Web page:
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Tesla cars can now ‘read’ road signs after major update

Latest feature also gives Autopilot system ability to understand traffic lights

Anthony Cuthbertson
Monday 31 August 2020 14:08 BST
A Tesla software update will allow its Autopilot system to read speed limit signs
A Tesla software update will allow its Autopilot system to read speed limit signs (Getty Images/iStockphoto)
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Tesla has rolled out a major software update that allows its electric cars to detect and understand speed limit signs.

The latest features come just over a month after Tesla boss Elon Musk promised fully self-driving vehicles on the road by the end of the year.

The release notes for Tesla's 2020.36 software update, first reported by Electrek, details how the car's inbuilt external cameras will now scan the roadside for speed limit signs and use the input to improve its Autopilot system.

"Speed Assist now leverages your car's cameras to detect speed limit signs to improve the accuracy of speed limit data on local roads," the update states.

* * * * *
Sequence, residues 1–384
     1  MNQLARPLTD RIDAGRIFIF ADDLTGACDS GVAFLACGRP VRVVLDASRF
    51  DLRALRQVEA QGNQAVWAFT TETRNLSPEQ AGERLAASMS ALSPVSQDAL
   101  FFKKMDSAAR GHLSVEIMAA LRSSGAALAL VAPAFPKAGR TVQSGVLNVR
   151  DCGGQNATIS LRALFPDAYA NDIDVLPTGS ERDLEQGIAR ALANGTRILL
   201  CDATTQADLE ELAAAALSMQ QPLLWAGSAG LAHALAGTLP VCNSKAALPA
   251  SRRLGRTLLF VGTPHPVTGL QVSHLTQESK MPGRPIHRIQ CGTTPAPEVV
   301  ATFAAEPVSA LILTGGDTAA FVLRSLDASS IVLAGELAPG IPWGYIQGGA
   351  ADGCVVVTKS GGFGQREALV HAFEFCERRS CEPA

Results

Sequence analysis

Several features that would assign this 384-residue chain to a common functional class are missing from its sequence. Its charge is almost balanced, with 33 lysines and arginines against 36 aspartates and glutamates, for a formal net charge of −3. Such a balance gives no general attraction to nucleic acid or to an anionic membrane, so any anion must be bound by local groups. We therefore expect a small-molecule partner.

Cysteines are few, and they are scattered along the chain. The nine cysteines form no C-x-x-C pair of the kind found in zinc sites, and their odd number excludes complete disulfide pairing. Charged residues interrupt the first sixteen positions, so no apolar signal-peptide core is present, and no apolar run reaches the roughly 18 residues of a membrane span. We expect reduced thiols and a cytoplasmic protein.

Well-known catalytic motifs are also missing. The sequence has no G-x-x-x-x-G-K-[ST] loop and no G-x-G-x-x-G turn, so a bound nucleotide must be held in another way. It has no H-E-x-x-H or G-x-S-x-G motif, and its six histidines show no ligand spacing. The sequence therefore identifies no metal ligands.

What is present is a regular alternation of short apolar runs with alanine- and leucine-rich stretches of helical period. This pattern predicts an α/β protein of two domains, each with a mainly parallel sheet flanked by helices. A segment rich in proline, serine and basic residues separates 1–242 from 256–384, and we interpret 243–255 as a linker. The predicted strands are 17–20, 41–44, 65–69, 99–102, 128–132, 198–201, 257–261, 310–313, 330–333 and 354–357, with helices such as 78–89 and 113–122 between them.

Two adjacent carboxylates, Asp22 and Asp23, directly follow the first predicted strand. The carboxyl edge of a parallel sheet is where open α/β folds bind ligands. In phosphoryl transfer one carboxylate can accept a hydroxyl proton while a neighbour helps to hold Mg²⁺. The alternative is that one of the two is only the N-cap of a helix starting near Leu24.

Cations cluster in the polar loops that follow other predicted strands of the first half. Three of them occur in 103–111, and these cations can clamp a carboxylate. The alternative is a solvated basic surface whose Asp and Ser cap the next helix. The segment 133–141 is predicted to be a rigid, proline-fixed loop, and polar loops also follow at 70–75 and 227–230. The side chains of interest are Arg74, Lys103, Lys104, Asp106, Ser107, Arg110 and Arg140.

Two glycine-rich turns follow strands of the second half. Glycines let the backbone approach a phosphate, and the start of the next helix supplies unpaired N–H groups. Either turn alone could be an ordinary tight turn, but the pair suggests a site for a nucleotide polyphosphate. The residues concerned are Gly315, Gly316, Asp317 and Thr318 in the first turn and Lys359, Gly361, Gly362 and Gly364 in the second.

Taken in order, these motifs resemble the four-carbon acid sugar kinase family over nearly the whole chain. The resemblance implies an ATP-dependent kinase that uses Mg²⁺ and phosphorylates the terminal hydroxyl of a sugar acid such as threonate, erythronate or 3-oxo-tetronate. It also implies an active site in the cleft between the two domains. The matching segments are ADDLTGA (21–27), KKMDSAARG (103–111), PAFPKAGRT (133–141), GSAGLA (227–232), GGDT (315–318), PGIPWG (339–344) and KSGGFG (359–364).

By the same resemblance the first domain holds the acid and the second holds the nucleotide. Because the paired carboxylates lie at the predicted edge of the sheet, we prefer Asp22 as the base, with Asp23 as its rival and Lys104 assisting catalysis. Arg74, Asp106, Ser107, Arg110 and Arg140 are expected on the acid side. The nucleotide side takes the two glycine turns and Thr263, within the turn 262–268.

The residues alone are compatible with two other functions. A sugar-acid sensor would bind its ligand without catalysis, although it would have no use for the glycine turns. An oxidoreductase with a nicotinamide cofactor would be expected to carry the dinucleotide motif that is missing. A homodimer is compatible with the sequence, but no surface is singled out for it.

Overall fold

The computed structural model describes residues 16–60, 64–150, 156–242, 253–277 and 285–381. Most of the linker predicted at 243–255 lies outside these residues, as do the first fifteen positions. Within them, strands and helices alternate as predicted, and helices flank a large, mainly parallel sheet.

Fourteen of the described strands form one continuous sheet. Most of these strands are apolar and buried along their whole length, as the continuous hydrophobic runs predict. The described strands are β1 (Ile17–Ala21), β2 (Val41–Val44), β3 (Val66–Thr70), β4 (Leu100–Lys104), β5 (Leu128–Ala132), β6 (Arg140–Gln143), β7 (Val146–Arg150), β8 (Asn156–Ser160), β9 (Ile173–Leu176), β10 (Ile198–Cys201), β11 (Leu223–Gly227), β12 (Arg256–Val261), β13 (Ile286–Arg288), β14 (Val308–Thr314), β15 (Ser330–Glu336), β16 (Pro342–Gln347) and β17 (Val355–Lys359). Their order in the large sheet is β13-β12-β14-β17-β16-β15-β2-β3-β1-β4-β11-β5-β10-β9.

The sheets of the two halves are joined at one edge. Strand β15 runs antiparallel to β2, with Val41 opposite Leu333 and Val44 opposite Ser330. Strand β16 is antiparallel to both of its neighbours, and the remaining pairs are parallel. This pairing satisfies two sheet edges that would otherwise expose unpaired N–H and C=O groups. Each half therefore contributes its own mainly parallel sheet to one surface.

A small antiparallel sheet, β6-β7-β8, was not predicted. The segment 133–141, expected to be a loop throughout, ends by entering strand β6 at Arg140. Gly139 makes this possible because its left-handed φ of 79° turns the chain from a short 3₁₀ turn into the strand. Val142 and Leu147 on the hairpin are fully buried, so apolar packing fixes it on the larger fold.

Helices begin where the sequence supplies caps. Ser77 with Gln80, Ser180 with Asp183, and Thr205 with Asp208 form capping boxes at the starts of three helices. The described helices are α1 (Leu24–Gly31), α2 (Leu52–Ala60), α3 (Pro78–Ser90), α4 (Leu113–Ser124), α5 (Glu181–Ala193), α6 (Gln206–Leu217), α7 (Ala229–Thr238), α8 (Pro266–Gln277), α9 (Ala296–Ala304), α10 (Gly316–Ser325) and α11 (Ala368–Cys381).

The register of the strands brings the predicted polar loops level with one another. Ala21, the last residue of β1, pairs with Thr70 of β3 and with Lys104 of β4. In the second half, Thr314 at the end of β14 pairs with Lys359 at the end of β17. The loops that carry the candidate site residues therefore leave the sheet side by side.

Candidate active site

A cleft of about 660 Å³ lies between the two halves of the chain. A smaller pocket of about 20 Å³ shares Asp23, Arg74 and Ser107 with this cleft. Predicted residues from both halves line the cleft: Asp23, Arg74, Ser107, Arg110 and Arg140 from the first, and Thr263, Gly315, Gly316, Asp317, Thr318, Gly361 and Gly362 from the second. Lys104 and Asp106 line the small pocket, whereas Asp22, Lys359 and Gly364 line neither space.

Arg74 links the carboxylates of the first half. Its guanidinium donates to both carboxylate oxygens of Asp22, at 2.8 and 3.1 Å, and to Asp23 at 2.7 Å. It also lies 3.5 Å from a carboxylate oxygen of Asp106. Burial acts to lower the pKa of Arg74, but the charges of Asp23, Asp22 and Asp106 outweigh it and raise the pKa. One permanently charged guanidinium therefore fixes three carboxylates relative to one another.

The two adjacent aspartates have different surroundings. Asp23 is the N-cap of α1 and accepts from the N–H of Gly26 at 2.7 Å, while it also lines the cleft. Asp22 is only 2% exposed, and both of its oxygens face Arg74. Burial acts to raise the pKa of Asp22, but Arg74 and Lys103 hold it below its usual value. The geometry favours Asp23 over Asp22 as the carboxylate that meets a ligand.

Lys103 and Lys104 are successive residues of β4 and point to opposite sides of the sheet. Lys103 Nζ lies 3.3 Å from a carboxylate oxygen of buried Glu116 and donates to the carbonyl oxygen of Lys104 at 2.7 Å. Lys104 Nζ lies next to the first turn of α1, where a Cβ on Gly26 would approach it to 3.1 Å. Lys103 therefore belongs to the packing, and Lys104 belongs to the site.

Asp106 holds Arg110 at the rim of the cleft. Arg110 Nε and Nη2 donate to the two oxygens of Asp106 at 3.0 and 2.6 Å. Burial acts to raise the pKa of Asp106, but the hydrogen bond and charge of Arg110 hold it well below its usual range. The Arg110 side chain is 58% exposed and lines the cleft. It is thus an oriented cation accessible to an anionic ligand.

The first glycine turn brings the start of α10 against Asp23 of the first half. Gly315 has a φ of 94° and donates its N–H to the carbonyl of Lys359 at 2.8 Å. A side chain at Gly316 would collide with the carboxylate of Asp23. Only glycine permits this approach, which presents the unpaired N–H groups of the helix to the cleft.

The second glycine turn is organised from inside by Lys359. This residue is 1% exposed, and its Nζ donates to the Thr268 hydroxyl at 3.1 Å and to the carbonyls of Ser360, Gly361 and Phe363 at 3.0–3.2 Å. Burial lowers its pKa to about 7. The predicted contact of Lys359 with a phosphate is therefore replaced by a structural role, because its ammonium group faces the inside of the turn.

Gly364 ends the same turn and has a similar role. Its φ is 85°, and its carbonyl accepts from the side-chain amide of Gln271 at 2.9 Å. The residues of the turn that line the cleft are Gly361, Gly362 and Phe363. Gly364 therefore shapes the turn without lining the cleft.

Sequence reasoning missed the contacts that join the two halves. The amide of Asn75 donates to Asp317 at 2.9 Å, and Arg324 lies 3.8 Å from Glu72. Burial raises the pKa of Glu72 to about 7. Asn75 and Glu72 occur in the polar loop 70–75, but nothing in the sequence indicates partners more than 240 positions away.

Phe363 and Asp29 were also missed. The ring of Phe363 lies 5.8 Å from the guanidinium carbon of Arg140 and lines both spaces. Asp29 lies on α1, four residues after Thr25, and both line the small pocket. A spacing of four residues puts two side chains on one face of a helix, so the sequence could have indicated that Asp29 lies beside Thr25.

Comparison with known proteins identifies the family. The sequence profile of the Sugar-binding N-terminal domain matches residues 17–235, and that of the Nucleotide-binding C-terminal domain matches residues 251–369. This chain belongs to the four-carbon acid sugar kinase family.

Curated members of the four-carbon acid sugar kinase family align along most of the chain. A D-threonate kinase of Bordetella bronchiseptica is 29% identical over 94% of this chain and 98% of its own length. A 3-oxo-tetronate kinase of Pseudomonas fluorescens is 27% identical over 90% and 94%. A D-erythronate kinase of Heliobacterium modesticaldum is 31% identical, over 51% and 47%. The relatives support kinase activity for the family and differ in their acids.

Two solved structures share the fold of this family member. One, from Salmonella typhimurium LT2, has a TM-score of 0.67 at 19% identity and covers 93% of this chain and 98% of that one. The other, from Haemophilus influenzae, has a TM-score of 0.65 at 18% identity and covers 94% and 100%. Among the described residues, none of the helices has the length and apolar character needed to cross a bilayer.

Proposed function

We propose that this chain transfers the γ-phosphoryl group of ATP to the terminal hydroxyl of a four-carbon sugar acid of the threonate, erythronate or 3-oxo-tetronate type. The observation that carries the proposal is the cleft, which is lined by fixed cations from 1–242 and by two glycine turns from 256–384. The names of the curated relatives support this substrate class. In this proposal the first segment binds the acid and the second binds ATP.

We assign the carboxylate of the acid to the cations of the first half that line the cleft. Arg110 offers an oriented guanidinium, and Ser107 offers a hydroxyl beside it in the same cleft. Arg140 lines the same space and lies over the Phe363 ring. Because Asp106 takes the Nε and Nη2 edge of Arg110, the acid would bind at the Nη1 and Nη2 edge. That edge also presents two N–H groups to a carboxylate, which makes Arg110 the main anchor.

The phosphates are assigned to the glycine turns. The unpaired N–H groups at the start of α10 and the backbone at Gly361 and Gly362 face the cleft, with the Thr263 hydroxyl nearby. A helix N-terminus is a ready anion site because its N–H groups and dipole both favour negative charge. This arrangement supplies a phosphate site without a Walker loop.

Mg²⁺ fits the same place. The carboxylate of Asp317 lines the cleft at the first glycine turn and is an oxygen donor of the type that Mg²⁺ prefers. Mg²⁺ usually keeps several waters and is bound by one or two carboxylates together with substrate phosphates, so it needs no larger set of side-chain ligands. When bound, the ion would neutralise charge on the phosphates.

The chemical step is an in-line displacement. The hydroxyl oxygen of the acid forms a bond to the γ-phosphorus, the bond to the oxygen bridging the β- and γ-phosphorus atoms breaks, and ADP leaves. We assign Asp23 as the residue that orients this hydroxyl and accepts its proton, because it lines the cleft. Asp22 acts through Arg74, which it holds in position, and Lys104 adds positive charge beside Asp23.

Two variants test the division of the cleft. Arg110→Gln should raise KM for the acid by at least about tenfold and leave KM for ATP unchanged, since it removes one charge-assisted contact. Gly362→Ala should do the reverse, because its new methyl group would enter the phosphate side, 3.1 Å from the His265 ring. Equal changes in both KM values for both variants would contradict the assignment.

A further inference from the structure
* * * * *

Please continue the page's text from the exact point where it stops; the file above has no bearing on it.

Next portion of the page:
"Detected speed limit signs will be displayed in the driving visualisation and used to set the associated Speed Limit Warning."

Drivers will then be able to set the car's current speed to the speed limit through a feature called Traffic-Aware Cruise Control.

Tesla said the traffic light detection system is "only designed as a notification", and that drivers are ultimately responsible for observing the rules of the road.

The feature will alert drivers with a chime sound when a traffic light that they are waiting at turns green.

The update states: "If you are waiting behind another car, the chime will play once the car advances unless Traffic-Aware Cruise Control or Autosteer is active."

All of the new updates roll into Tesla's Navigate on Autopilot setting, which provides close to fully autonomous driving capabilities. Existing features include automatically passing slow cars and taking slip roads off motorways.

The latest updates were first teased by Musk in 2018, who tweeted: "Already testing traffic lights, stop signs and roundabouts in development software."

He added: "Your Tesla will soon be able to go from your garage at home to parking at work with no driver input at all."

Previous self-driving predictions have had to be revised in the past after the technology was blamed for at least one fatal crash.

But during an earnings call last month, Musk revealed that he was already testing the development software of the most advanced self-driving system on his commute to work in Los Angeles.

"It’s almost getting to a point where I can go from my house to work with no interventions, despite going through construction and widely varying situations,” he said.

“So this is why I’m very confident about full self-driving functionality being complete by the end of this year. It’s because I’m literally driving it.”

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